[Paulis] I’ll have similar things to say to Brian. For us on the core and value side, it’s all about return on invested capital and by nature free cash flow as Brian mentioned, including for us both free cash flow growth but also free cash flow improvement. At the end of the day, we’re firm believers that free cash flow is really the primary driver of equity value creation. This is particularly true and important in rising high interest rate environments. Brian touched on some of the reasons for that but I also would add that with the 2-year near 4 ½% and the 10-year fluctuating between 3 ½% and 4% now, investors for the first time in years have alternative investment options to equities. I’d say it’s important to note that the rise in rates also results in a higher cost of capital for companies, which Brian touched on. So free cash flow and free cash flow yields, the ability to sell fund and just making appropriate capital allocation decisions and investments are much more important now than they have been for the past decade or even post the Great Financial Crisis. So as Brian mentioned, on the core side we’re positioning our portfolio and have been for companies that generate high return on invested capital, that generate strong free cash flow, and have good balance sheets. All of these are going to help weather any type of economic slowdown that we’ve been discussing here today. Also, will generally help our companies weather the higher rate environment that we have now. I would close by saying this is a time that active management can really shine, investment managers, including ourselves, typically prefer companies with solid fundamentals or high quality attributes, including things like as we’ve discussed multiple times already, free cash flow, high return on invested capital, strong balance sheets. If you take a look back from the Great Financial Crisis up until about 2021, long duration stocks did very well and you saw performance scenarios like low or negative ROIC stocks, including areas like biotech. We had the Meme craze at the beginning of 2021, and we had the SPAC craze. All of these were rooted in the low level of interest rates and many of these types of companies can only fund themselves when capital is cheap and abundant and that is in the process of changing, some would argue that it’s already changed. And so, a lot of active managers including us shy away from the types of companies that are fundamentally challenged from an ROIC perspective or a competitive position perspective that were just dependent on low rates. If rates stay higher for longer, or at minimum just don’t revert to where they were post pandemic or post the Great Financial Crisis, we think that active management should continue to have the wind in its back here for some time.

[Cann] Great, to wrap up our conversation, we have one final question, but this has been great so far. When thinking about an overall asset allocation, why do small caps still make sense to have as part of an overall portfolio just in helping clients reach their long-term goals?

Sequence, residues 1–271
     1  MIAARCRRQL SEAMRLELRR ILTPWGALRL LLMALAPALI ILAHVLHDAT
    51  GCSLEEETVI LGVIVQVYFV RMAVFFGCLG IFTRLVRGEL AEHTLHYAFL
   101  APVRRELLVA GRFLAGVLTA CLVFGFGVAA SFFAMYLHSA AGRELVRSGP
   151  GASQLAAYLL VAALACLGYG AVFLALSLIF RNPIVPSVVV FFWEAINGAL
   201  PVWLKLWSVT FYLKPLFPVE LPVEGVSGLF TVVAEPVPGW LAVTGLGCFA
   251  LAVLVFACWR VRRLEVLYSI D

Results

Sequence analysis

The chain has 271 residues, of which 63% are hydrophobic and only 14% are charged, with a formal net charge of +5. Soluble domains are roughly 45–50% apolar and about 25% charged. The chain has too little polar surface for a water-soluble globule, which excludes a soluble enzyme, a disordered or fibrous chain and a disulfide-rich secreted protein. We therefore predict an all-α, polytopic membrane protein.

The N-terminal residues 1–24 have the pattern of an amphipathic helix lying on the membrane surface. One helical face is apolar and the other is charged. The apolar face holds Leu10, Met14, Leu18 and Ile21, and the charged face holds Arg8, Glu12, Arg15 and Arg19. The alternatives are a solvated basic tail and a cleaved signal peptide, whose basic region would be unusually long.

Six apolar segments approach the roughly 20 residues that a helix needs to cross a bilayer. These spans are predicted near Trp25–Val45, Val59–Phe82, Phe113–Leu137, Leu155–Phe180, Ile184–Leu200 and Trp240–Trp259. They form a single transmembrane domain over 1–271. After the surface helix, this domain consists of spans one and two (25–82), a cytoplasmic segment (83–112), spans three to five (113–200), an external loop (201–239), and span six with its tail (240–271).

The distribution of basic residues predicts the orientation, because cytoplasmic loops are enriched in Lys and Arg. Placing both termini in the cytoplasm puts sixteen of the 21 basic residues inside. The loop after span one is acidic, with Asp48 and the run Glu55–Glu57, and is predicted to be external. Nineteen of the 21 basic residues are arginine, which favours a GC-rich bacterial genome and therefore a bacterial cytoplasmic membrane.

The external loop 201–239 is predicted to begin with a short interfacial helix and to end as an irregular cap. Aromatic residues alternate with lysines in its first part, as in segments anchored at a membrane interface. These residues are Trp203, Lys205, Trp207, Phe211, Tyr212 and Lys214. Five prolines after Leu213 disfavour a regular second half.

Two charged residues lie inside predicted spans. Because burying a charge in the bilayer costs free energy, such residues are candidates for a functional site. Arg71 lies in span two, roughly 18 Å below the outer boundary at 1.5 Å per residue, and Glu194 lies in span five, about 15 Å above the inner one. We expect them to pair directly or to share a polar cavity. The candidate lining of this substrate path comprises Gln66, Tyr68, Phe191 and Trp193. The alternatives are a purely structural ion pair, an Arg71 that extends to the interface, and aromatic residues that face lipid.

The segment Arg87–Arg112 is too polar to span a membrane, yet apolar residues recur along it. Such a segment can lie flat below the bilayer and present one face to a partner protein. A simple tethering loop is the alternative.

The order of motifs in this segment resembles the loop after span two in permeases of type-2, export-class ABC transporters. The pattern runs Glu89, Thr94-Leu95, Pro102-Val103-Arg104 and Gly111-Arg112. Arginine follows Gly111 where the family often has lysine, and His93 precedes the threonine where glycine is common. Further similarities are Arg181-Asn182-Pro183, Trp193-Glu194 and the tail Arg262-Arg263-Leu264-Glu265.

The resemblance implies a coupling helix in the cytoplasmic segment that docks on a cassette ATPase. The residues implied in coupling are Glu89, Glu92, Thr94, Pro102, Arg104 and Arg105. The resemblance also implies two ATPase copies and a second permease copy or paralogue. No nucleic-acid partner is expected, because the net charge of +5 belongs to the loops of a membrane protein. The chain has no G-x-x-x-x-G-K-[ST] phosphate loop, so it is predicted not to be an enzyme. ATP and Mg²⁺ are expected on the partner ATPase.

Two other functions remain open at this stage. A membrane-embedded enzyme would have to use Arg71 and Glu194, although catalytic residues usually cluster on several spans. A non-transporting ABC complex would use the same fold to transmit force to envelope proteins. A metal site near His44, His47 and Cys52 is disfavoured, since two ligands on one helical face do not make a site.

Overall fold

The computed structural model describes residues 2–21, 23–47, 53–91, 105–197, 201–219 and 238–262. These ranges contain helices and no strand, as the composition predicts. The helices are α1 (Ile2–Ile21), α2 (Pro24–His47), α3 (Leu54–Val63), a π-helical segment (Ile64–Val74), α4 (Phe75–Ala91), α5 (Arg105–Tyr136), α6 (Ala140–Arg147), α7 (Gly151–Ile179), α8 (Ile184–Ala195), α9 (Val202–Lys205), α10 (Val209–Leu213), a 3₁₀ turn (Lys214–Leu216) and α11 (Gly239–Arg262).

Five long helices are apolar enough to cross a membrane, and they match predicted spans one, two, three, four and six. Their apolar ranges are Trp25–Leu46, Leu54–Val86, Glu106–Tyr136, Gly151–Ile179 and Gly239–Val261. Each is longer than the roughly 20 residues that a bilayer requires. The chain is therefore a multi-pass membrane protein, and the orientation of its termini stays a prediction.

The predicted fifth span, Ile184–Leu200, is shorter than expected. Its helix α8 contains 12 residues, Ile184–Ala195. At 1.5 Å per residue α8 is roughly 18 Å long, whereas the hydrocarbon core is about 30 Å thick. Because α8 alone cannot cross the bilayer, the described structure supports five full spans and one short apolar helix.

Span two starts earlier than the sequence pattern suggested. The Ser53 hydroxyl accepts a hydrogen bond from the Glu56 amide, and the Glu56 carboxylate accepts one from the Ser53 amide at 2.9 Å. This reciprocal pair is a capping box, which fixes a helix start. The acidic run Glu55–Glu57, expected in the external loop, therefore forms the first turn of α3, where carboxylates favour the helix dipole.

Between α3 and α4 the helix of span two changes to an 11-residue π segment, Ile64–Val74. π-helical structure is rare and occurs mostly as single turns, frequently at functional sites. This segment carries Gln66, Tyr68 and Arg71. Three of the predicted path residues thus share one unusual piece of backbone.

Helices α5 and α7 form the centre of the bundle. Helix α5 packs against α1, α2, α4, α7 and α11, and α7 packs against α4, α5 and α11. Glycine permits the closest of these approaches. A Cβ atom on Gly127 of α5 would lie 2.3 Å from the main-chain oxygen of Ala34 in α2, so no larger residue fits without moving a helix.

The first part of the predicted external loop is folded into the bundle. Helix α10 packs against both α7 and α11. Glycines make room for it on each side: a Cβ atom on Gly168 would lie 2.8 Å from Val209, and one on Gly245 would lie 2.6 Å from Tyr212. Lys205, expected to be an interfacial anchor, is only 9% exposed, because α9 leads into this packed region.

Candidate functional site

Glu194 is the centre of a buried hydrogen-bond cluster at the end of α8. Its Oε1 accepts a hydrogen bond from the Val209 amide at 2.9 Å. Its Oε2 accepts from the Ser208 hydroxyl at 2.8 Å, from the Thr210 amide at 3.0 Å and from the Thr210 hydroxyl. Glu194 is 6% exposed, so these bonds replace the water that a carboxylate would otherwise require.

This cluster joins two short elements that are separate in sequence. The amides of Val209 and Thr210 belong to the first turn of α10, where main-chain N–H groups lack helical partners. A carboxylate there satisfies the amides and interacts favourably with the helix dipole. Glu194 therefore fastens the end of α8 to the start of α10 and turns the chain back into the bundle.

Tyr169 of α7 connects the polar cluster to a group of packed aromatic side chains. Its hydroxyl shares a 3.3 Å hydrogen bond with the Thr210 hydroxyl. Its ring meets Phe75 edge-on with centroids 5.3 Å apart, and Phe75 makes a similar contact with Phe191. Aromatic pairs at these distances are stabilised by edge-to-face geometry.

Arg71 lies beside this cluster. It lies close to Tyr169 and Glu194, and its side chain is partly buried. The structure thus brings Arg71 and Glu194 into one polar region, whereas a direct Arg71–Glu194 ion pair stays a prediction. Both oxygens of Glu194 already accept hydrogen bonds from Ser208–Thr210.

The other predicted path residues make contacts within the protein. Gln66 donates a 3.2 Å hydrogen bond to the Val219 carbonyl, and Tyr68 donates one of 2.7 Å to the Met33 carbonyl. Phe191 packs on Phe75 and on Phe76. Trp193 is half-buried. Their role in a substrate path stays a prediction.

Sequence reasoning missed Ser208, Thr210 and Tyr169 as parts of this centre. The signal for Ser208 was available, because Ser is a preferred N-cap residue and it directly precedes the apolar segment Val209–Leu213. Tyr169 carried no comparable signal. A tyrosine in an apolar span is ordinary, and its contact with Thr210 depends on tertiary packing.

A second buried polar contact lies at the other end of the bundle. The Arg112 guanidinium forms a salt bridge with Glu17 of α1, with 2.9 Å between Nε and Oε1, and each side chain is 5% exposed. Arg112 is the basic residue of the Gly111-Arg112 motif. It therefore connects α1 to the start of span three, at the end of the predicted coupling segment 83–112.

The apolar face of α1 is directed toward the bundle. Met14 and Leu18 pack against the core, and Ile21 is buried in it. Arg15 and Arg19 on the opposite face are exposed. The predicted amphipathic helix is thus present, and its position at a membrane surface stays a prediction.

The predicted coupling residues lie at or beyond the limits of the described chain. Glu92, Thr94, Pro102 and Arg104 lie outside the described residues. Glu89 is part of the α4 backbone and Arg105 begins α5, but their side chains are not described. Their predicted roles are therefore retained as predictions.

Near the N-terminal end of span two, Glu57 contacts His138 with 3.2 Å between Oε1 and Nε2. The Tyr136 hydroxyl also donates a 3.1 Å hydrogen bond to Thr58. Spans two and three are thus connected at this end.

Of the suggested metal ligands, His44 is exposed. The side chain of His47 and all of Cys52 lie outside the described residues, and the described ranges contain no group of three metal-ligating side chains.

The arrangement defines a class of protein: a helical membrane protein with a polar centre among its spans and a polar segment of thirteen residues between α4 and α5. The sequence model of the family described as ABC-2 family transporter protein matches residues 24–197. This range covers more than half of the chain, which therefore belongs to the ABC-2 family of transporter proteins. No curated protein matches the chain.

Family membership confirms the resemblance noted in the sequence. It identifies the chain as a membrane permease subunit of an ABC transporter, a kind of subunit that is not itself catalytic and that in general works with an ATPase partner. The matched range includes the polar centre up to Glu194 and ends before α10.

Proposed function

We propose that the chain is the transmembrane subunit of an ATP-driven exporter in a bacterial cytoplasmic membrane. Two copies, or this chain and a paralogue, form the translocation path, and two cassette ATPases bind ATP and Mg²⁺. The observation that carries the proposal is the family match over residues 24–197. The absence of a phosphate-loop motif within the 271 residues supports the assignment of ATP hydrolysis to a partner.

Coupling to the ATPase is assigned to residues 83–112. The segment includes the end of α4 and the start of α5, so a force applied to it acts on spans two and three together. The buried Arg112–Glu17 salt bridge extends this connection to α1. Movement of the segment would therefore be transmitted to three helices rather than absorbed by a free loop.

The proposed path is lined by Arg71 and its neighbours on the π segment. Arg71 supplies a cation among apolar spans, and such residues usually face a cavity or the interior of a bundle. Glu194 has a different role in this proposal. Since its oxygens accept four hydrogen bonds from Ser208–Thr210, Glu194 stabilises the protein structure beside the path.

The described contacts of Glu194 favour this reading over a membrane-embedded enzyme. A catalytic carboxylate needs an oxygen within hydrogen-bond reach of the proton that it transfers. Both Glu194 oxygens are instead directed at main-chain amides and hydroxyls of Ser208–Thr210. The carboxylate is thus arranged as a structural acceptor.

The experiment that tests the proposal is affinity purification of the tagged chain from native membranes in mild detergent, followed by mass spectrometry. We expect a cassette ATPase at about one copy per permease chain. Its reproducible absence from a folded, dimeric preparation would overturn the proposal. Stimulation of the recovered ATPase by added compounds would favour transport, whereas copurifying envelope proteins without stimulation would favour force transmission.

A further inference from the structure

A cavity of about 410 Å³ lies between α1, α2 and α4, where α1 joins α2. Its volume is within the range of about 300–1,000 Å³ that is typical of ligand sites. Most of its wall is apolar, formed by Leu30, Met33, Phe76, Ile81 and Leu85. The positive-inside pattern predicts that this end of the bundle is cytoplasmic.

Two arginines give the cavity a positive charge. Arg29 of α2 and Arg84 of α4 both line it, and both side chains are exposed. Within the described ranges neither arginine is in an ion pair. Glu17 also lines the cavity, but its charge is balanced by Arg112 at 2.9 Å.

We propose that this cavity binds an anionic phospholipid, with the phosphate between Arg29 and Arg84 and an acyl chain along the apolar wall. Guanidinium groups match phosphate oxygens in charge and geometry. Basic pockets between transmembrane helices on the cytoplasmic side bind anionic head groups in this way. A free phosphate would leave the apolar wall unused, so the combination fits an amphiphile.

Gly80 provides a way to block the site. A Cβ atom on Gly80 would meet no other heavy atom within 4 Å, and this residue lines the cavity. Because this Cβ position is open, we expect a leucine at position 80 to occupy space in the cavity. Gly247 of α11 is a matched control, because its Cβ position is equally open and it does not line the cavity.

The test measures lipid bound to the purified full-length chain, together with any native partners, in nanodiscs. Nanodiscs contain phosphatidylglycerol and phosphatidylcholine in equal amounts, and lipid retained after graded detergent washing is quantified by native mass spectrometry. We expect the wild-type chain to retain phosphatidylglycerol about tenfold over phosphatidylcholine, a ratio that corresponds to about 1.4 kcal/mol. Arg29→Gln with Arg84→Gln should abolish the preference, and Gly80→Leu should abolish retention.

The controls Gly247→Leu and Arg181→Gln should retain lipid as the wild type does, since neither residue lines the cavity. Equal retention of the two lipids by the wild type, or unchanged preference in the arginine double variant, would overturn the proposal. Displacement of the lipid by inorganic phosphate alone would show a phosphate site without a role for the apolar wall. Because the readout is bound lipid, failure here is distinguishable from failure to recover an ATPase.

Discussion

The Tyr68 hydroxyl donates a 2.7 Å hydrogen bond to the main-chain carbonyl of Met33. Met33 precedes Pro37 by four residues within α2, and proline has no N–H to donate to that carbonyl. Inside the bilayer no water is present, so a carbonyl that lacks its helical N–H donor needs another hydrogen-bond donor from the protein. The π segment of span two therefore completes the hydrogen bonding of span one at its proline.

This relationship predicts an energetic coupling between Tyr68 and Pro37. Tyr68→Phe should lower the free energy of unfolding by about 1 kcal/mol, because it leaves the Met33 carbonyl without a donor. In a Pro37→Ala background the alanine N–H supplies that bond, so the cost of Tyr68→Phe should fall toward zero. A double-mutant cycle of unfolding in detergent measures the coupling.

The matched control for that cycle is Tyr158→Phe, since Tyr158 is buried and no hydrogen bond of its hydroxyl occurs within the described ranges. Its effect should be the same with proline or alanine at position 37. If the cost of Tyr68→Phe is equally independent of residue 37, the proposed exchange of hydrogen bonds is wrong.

[Nicholson] I’ll take that one. When you think of the small cap universe, diversification across small cap core, growth, and value and just an overall portfolio, small caps bring a nice diversification element. When you think of from a risk standpoint, a lot of the problems are emerging outside of the U.S. and small caps historically have a much more domestic oriented business model. I think from a risk perspective, it plays a nice role having more of a focus in the U.S. There was a fact that that came out from Evercore ISI that was quite interesting. Small caps are the only asset class since the 1930s to outperform inflation every decade. So when you kind of step back and think of the inflationary backdrop that we’ve been in and that we’ll likely stay in for a little bit longer, small caps still seem like a very logical place to have part of your portfolio invested in.

[Cann] Great, well that is all we had prepared to cover today. Shaun, Jeff and Brian, thank you again for joining. I hope those that have tuned in have found this to be helpful. And if there are any questions around what we covered today, please don’t hesitate to reach out to your contact at SBH. We’re always available and happy to discuss further and we look forward to seeing you at the next summit.

 

Strategy Profiles:

Small Cap Growth

Small Cap Core

Small Cap Value

SMID Cap

 

Small Cap Videos:

Transcending Volatility in Small Cap Growth

High ROIC + Niche Market Advantages

The Benefits of Investing with a Return on Invested Capital (ROIC) Focus

 

Additional Resources:

Small Cap Insights

 

The opinions expressed in this video are solely the opinions of Segall Bryant & Hamill or an unaffiliated third party. You should not treat any opinion in this video as specific inducement to make a particular investment or follow a particular strategy, but only as an expression of opinions. The opinions expressed in this video are based upon information considered reliable, but completeness or accuracy is not warranted, and it should not be relied upon as such. Market conditions are subject to change at any time, and no forecast can be guaranteed. Any and all information perceived from this video does not constitute financial, legal, tax, or other professional advice and is not intended as a substitute for consultation with a qualified professional. The opinions and statements are subject to change without notice and Segall Bryant & Hamill is not obligated to update or correct any information in this video. For illustrative purposes only.